ACORNization: the New Swiftboating

If you had the misfortune to have been conscious during the 2004 presidential campaign, then you’re certainly familiar with the term swiftboating. In fact, if you’ve had the misfortune to have been tuned into the American media for any length of time since then, you’ve almost certainly heard it; it’s become a permanent fixture in the lexicon.

The expression comes from a group called Swift Boat Veterans for Truth, who as you may know, were concerned with anything but truth. Funded by a wealthy Republican donor, their sole objective was to smear Democratic presidential candidate John Kerry, a navy veteran and war hero who was posing a threat to unseat George W. Bush.  Though their dishonesty was eventually unmasked, they definitely had an impact on Kerry’s standing with the public, and might well have cost him the election. Thus “swiftboating” came to be used as a new name for the very old practice of bearing false witness.

But now there’s a fresh twist to swiftboating, the doctored video twist. And it’s a twist greatly boosted by one James O’Keefe, who fancies himself a guerrilla “citizen journalist” (translation: he videos people under false pretexts, then reconstructs the videos to make them say whatever he wants). Although the undercover films he has released have been shown to be thoroughly dishonest, they have had a tremendous impact on public discourse and even on official policy. Which just goes to show that there is no limit to the gullibility of the media or the public. Or, for that matter, of politicians.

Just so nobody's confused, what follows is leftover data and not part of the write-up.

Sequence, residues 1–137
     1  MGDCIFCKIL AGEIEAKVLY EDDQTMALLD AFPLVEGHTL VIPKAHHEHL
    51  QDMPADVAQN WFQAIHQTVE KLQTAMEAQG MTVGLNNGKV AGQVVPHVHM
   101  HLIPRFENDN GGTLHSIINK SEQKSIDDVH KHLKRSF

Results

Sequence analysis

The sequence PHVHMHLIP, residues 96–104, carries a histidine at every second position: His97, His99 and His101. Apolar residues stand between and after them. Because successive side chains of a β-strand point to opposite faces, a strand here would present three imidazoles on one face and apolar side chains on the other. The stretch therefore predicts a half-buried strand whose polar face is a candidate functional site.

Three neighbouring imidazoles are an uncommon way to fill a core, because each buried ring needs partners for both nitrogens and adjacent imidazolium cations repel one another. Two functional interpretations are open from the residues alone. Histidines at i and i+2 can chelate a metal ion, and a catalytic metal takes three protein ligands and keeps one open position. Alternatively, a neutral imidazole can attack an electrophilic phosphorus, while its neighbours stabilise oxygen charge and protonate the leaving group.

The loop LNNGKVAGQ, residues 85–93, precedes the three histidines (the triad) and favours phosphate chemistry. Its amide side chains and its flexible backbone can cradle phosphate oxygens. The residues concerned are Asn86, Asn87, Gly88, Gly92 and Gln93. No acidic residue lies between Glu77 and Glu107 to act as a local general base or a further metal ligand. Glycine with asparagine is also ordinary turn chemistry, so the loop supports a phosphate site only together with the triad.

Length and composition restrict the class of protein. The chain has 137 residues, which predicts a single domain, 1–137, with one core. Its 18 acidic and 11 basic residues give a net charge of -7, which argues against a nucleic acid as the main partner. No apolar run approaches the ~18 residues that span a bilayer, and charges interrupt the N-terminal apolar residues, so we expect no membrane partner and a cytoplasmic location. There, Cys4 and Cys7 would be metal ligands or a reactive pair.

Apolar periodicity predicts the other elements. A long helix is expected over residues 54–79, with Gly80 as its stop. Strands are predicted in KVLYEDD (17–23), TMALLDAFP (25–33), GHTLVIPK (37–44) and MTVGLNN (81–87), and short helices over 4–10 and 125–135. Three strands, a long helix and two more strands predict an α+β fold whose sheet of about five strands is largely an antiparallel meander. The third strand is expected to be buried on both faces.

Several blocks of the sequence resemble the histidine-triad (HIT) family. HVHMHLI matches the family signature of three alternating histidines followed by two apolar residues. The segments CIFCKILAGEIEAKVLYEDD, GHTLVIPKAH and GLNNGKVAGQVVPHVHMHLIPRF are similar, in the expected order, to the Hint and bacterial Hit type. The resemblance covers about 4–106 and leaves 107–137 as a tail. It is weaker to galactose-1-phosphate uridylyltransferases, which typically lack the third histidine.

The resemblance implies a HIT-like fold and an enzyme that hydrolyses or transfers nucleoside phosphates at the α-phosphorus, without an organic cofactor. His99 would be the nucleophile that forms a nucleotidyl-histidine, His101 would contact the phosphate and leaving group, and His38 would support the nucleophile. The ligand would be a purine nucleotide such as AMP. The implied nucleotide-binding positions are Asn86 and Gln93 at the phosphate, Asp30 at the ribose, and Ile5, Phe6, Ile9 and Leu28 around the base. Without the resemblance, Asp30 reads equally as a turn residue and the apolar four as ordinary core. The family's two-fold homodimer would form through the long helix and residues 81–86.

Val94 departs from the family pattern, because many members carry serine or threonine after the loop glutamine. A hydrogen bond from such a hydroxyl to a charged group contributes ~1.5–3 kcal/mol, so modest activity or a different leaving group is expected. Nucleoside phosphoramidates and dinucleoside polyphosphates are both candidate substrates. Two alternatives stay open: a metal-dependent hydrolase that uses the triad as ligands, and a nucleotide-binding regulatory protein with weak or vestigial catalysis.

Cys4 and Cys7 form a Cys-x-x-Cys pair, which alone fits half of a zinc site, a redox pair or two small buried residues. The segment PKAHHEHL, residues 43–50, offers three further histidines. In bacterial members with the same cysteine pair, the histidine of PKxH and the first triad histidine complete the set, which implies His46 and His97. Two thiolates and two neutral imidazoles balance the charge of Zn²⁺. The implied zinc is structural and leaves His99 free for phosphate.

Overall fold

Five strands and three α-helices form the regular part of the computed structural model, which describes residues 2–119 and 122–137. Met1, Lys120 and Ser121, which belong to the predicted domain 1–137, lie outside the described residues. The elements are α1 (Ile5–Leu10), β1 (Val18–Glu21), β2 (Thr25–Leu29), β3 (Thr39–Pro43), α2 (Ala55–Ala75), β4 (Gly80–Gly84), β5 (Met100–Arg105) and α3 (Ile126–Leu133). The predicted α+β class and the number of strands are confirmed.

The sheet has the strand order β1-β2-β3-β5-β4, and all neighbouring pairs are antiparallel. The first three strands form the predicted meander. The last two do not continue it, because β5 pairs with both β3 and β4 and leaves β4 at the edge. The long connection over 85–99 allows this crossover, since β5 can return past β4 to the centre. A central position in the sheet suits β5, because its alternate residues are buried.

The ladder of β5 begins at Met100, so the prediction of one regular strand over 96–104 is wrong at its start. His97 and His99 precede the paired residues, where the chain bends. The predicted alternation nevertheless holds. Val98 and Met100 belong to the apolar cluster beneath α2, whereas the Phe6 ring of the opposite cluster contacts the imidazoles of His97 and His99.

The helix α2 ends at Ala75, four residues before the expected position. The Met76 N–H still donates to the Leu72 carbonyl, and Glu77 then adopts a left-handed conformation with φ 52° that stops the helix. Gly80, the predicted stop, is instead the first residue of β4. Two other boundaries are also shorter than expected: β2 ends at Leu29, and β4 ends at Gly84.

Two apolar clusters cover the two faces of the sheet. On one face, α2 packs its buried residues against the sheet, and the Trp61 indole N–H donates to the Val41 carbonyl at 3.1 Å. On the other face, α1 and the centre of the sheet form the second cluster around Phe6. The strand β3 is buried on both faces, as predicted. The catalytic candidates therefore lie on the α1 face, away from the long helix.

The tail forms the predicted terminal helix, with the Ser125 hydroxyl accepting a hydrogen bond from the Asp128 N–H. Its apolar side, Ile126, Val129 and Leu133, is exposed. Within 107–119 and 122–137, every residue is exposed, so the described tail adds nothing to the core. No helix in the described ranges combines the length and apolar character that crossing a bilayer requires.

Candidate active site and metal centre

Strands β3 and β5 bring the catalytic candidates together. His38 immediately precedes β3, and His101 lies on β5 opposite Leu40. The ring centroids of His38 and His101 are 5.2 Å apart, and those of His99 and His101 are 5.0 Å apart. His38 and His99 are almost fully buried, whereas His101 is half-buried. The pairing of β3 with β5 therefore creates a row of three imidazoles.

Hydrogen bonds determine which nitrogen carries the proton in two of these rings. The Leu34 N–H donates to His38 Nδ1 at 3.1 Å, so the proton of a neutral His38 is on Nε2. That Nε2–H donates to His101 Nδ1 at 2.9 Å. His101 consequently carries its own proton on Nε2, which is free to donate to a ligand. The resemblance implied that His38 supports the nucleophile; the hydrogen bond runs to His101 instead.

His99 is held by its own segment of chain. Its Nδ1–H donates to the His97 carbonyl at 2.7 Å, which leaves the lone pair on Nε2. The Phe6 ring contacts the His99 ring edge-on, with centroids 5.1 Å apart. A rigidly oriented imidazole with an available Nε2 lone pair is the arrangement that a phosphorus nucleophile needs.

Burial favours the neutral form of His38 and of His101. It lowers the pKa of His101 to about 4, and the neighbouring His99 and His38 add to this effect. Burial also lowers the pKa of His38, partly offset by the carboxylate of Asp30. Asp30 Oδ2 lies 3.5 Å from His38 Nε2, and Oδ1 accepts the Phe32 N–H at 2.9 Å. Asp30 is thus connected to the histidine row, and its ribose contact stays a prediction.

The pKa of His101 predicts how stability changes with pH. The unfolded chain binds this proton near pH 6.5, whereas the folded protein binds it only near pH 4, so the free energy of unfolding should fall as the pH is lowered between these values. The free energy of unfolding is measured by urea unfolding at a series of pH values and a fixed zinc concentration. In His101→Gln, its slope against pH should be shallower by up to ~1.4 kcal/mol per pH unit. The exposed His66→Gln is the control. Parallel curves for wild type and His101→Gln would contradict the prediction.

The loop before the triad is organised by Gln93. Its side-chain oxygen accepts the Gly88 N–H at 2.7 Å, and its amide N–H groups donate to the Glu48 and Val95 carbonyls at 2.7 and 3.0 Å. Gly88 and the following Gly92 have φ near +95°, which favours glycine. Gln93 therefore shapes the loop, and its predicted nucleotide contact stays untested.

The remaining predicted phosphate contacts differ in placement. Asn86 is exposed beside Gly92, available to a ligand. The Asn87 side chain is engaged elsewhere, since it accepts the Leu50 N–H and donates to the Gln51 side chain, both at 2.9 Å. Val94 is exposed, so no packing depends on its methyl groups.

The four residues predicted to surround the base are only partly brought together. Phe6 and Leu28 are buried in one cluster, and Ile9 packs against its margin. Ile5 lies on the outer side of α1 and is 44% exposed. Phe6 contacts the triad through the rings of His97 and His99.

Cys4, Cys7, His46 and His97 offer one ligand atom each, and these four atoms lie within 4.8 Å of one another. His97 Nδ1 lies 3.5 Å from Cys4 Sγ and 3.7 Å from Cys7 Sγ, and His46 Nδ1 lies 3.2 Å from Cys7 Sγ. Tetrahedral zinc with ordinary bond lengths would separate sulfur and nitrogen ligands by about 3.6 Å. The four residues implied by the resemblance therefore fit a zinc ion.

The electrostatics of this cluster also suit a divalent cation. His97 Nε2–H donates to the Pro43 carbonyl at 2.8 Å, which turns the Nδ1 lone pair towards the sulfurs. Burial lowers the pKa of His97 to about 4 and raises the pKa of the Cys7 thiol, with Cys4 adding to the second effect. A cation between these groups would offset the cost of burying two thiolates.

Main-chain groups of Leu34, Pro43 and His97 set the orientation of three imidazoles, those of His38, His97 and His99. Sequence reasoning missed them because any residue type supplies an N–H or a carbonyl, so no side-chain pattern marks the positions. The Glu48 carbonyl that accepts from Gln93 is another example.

We’ll call the tactic ACORNization, since ACORN has been its most successful target. Whatever you call it, it’s here to stay. Not only have O’Keefe and his associates been repeating the procedure, but he’s even “training” others to do likewise – as if this kind of unscrupulous amateurishness really required any skill. Get ready, folks: it’s the new face of “journalism”.

 

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